John Hood writes here about the academic research on which state-level policies lead to economic growth –– and which do not. The evidence is clear, and the evidence discredits Leftist ideas we hear touted regularly and with fervor.

Two years ago, I began accumulating a database of every recent study I could find about state economic policy that had been published in a peer-reviewed academic or professional journal. The list started out as a few dozen studies, then grew to about a hundred. As I continued to expand my search for articles on state and local taxes, government spending, regulation, energy prices, infrastructure, education, and other potential drivers of economic growth, the database doubled in size, then doubled again.

An initial version of the research appeared in my 2012 book Our Best Foot Forward. I shared an updated version with a national audience in the February 2014 issue of Reason magazine. Now JLF has published the final version of my literature review. It reflects 1,389 different findings from 681 different studies published since 1990. Here’s what I found.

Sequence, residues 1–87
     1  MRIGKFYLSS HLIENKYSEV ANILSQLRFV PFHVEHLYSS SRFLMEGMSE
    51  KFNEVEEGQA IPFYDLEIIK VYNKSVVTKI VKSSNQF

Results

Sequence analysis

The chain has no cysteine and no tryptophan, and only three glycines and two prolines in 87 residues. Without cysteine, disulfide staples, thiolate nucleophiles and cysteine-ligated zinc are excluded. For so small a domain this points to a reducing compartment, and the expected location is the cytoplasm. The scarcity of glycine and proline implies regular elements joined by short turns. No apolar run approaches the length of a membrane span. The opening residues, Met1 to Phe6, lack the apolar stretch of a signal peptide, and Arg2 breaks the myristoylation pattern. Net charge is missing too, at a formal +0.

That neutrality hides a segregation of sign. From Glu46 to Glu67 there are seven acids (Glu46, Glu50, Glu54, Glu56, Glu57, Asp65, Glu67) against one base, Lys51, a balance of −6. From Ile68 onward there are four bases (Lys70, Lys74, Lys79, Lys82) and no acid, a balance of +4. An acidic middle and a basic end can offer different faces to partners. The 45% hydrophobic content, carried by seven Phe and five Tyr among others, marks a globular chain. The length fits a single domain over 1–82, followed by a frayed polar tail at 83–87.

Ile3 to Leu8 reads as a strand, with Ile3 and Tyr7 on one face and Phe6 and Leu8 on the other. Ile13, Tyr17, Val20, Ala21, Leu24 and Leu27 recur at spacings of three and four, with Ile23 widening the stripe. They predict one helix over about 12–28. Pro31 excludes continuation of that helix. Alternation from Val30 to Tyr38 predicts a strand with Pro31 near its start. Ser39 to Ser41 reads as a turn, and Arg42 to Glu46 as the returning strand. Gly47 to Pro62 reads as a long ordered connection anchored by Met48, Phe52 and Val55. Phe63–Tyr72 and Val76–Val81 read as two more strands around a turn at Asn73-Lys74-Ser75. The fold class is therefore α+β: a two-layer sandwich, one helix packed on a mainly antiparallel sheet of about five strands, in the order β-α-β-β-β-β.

First, the Left’s view of economic-growth policy lacks any substantial empirical support. States and localities can’t boost their economies simply by boosting public budgets. Only 15 percent of the relevant studies found that higher state or local spending was associated with higher economic growth. The results were particularly horrendous for spending public-assistance programs such as Medicaid, which was associated with lower economic growth in the vast majority of cases.

Ideas have consequences, as Richard Weaver has explained.